Jack made the trade, then backtracked to his house.  But when

he told his busy-waiting parent of the deal, she became so angry she

started thrashing.

    "Don't you even have any artificial intelligence?  All these

kernels together hardly make up one byte," and she popped them out the


        -- Mark Isaak, "Jack and the Beanstack"


Long computations which yield zero are probably all for naught.


Loose bits sink chips.


Mac Airways:

The cashiers, flight attendants and pilots all look the same, feel the same

and act the same. When asked questions about the flight, they reply that you

don't want to know, don't need to know and would you please return to your

seat and watch the movie.


Mac Beer: At first, came only a 16-oz. can, but now comes in a 32-oz.

can. Considered by many to be a "light" beer. All the cans look

identical. When you take one from the fridge, it opens itself. The

ingredients list is not on the can. If you call to ask about the

ingredients, you are told that "you don't need to know." A notice on the

side reminds you to drag your empties to the trashcan.


MAC user's dynamic debugging list evaluator?  Never heard of that.


    "Mach was the greatest intellectual fraud in the last ten years."

    "What about X?"

    "I said `intellectual'."

        ;login, 9/1990


Machines certainly can solve problems, store information, correlate,

and play games -- but not with pleasure.

        -- Leo Rosten


Machines that have broken down will work perfectly when the repairman arrives.


Make sure your code does nothing gracefully.


Making files is easy under the UNIX operating system.  Therefore, users

tend to create numerous files using large amounts of file space.  It has

been said that the only standard thing about all UNIX systems is the

message-of-the-day telling users to clean up their files.

        -- System V.2 administrator's guide


Man is the best computer we can put aboard a spacecraft ... and the

only one that can be mass produced with unskilled labor.

        -- Wernher von Braun


Many companies that have made themselves dependent on [the equipment of a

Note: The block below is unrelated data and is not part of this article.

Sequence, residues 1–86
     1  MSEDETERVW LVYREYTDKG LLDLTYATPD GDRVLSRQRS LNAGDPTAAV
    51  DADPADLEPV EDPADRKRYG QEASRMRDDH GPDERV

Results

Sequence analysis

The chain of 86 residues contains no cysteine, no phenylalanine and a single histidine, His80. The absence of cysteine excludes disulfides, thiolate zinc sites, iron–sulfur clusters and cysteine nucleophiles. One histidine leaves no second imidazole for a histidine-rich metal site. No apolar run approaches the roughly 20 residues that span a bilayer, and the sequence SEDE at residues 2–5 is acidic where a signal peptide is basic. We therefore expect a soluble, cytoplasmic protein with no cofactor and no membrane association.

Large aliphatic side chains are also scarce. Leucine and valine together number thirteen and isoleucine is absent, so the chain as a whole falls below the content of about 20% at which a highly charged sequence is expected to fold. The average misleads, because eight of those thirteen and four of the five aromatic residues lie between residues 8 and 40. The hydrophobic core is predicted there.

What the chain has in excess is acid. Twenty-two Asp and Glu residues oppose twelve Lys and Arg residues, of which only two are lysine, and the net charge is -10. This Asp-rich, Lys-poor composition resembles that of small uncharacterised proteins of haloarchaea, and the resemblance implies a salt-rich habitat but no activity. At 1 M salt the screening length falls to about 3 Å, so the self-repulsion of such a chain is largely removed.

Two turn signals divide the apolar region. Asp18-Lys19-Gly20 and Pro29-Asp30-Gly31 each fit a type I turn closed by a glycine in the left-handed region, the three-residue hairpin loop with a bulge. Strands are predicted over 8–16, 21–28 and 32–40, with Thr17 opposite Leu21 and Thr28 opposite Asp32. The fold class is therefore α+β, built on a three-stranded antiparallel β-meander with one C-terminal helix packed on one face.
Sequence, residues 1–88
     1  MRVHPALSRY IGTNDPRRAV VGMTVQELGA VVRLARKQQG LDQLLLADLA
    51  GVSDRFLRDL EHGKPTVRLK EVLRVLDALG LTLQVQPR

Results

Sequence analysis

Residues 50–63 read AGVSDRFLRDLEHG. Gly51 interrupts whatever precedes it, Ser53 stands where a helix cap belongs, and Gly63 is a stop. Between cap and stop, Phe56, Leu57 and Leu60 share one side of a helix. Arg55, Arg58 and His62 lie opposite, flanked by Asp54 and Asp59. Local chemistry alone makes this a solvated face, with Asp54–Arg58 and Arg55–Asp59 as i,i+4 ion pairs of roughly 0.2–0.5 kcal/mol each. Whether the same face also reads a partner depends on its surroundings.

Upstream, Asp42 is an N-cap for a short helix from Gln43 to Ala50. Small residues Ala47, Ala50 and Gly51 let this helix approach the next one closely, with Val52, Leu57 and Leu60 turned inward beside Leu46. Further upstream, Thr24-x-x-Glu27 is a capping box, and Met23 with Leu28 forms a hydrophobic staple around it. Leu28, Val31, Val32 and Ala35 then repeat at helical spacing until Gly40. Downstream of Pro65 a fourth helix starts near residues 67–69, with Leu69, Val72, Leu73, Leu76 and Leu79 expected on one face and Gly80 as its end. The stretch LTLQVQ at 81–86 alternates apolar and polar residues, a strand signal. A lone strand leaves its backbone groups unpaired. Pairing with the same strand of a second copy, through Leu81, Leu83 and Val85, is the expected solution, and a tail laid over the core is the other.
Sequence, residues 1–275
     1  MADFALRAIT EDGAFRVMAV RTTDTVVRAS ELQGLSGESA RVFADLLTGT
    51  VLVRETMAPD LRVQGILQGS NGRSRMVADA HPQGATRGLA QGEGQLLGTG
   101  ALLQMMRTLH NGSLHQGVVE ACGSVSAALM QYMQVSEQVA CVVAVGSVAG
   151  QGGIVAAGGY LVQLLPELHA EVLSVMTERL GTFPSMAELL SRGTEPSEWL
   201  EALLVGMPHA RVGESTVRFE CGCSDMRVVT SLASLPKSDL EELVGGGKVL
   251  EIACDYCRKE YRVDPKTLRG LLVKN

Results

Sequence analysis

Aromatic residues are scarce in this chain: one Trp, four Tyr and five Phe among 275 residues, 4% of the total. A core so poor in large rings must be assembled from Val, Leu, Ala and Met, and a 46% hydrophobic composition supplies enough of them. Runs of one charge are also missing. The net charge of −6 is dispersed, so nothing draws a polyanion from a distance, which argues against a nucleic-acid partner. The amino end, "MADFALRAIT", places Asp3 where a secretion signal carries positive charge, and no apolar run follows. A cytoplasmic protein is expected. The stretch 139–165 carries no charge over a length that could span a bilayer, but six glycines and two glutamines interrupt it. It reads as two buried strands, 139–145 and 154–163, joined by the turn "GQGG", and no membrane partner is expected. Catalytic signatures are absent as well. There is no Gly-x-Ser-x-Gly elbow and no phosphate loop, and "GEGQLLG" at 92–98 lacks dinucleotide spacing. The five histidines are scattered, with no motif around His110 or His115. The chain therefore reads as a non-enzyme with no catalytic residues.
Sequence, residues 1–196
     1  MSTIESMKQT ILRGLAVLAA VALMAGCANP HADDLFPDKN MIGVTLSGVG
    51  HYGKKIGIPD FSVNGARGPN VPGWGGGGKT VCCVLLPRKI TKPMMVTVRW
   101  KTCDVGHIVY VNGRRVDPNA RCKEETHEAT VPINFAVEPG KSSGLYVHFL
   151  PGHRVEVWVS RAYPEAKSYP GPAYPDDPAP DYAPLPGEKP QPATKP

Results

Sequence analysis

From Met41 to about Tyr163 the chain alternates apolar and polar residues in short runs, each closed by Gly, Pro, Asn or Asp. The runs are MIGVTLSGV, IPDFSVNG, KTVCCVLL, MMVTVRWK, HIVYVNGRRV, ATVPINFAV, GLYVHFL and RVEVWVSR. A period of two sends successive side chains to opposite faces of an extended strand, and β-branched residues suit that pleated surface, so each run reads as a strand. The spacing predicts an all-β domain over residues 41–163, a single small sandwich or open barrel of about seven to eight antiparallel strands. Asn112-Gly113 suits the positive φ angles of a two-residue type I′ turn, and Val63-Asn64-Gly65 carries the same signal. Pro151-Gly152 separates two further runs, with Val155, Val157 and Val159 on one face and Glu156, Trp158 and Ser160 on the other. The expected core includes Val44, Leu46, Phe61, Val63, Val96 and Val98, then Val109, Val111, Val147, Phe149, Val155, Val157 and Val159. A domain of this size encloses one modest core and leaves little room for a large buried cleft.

certain major manufacturer] (and in doing so have sold their soul to the

devil) will collapse under the sheer weight of the unmastered complexity of

their data processing systems.

        -- Edsger W. Dijkstra, SIGPLAN Notices, Volume 17, Number 5


Many of the convicted thieves Parker has met began their

life of crime after taking college Computer Science courses.

        -- Roger Rapoport, "Programs for Plunder", Omni, March 1981


Martin was probably ripping them off.  That's some family, isn't it?

Incest, prostitution, fanaticism, software.

        -- Charles Willeford, "Miami Blues"


Marvelous!  The super-user's going to boot me!

What a finely tuned response to the situation!




May all your PUSHes be POPped.


May Euell Gibbons eat your only copy of the manual!


May the bluebird of happiness twiddle your bits.


Maybe Computer Science should be in the College of Theology.

        -- R. S. Barton


Meantime, in the slums below Ronnie's Ranch, Cynthia feels as if some one

has made voodoo boxen of her and her favorite backplanes. On this fine

moonlit night, some horrible persona has been jabbing away at, dragging

magnets over, and surging these voodoo boxen.  Fortunately, they seem to

have gotten a bit bored and fallen asleep, for it looks like Cynthia may

get to go home.  However, she has made note to quickly put together a totem

of sweaty, sordid static straps, random bits of wire, flecks of once meaningful

oxide, bus grant cards, gummy worms, and some bits of old pdp backplane to

hang above the machine room.  This totem must be blessed by the old and wise

venerable god of unibus at once, before the idolatization of vme, q and pc